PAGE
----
Brunner on God's Plan for the World

We live in a vast universe and we are very small in it. We do not see the whole in its entirety. We manage to understand a little of all its complexity. When we ask about the purpose of all that is around us the answer is not clear. We do not know where the world is headed. We do not know where we are going. This is a deep mystery. Read More...

Brunner on the Mystery of God

If somebody speaks about God as he speaks about his cousin he knows nothing about God. We do not know anything about God unless he reveals it to us. When he reveals himself to us we understand, again, how inaccessible is he for our thinking. He is above our world. He is a mystery. We are not able to unlock the mystery about him. Never. Read More...

Brunner on the Bible as the Word of God

The Christian Church believes that the Bible is the Word of God. The Christians are the product of the Bible. There are Christians because there is the Bible. The Bible is the soil in which the Christian faith grows. The Christian faith is the faith in Christ, and we can find Christ in the Bible, and from there he speaks to us. Read More...

Brunner on the Existence of God

I share with you my thoughts on some of my daily readings. These days I read Emil Brunner (Unse Glaube, 1935). I make available these notes because I believe that we have many things to learn from this theologian, even if we disagree at certain points (i.e. the character of revelation, infallibility of Scripture). Enjoy reading!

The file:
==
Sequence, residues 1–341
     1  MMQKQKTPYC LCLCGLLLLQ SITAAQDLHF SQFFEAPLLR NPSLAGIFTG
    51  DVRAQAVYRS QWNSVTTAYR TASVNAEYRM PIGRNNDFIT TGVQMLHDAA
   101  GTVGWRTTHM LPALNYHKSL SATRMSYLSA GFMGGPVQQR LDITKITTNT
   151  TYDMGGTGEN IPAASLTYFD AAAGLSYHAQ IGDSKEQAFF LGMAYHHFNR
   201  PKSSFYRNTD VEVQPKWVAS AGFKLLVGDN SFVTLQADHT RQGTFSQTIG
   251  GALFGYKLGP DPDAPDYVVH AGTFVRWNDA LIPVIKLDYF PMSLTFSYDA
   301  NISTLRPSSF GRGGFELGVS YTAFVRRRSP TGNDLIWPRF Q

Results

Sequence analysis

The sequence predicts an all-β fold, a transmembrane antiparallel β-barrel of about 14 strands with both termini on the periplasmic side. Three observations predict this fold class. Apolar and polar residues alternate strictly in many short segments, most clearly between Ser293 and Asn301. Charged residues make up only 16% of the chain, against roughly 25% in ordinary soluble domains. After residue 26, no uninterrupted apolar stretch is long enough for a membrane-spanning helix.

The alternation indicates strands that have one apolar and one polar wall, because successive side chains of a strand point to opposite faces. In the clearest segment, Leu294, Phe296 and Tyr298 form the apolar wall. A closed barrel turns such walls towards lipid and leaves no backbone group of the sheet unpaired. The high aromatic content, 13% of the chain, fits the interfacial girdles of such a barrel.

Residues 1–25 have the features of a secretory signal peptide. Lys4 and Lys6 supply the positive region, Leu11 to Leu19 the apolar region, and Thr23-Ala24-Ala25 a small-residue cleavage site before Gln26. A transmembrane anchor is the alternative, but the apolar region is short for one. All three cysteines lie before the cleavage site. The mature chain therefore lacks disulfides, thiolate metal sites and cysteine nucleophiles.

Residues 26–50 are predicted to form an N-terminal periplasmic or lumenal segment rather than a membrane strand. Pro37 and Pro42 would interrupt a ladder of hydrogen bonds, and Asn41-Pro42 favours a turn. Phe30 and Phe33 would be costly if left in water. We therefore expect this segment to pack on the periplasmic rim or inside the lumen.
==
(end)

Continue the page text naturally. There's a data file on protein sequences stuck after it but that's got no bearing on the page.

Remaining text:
The existence of God

If somebody asks about God's existence the polite answer is silence, and the proper answer is 'You fool!' God is not an object of knowledge; we cannot investigate God as we do with people, objects or natural phenomena. God is not from this world, he is not of this world, he is not an object among other objects. That is why, he can't be the object of our knowledge. Read More...

Life, good, and blessings

The theological horizon for life in the people of God is given at the end of Deuteronomy. The chapters 28-30 are a summary of the first five books in the Bible, focusing on the faithfulness to the covenant. The prophets, Jesus and the apostles understood their ministries in the light of this theological horizon. Read More...

The Cross to Rome, Studies in Romans

This collection of studies is a continuation of my doctoral research; my continued interest is in the area of Early Christianity's understanding of the death and resurrection of Christ, and the vast variety in which this eschatological event shapes the world of humanity.
The Early Christians took their 'good tidings' to Rome. Their main spokesman was Paul, the apostle to the Gentiles. In his Letter to the Romans he touches on the theme of the cross. This is the subject of this collection of studies.
This book is available HERE.


Again on Descartes' Method

Descartes method of doubting exposed in the Mediations worked in the following way. His intention was to doubt every proposition he was able to. For that he used two conjectures: the conjecture of the dream, and the conjecture of the evil demon. All his knowledge can be just a dream or all his knowledge can be a big lie because some evil demon is devoted to deceive him. Descartes’s point with these two conjectures was to show their bizarreness. He needed a measure of certainty that goes beyond everything, even reaching the incredible and the bizarre. Read More...

The Son from Above